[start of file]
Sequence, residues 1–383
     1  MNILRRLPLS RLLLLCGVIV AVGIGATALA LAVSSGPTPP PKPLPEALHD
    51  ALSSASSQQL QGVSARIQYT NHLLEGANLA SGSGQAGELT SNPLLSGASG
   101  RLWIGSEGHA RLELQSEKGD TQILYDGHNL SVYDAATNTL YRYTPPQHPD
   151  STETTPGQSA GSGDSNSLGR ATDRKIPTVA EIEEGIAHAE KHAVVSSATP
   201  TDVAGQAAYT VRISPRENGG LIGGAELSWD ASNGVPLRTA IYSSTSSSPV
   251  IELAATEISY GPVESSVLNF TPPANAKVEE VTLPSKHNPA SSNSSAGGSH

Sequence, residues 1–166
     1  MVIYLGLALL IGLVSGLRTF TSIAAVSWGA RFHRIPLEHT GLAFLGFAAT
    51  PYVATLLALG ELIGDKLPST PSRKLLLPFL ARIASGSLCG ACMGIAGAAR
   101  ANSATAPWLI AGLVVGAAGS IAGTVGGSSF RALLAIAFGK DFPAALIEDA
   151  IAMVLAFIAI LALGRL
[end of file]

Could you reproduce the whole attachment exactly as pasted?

Sequence, residues 1–383
     1  MNILRRLPLS RLLLLCGVIV AVGIGATALA LAVSSGPTPP PKPLPEALHD
    51  ALSSASSQQL QGVSARIQYT NHLLEGANLA SGSGQAGELT SNPLLSGASG
   101  RLWIGSEGHA RLELQSEKGD TQILYDGHNL SVYDAATNTL YRYTPPQHPD
   151  STETTPGQSA GSGDSNSLGR ATDRKIPTVA EIEEGIAHAE KHAVVSSATP
   201  TDVAGQAAYT VRISPRENGG LIGGAELSWD ASNGVPLRTA IYSSTSSSPV
   251  IELAATEISY GPVESSVLNF TPPANAKVEE VTLPSKHNPA SSNSSAGGSH

Sequence, residues 1–166
     1  MVIYLGLALL IGLVSGLRTF TSIAAVSWGA RFHRIPLEHT GLAFLGFAAT
    51  PYVATLLALG ELIGDKLPST PSRKLLLPFL ARIASGSLCG ACMGIAGAAR
   101  ANSATAPWLI AGLVVGAAGS IAGTVGGSSF RALLAIAFGK DFPAALIEDA
   151  IAMVLAFIAI LALGRL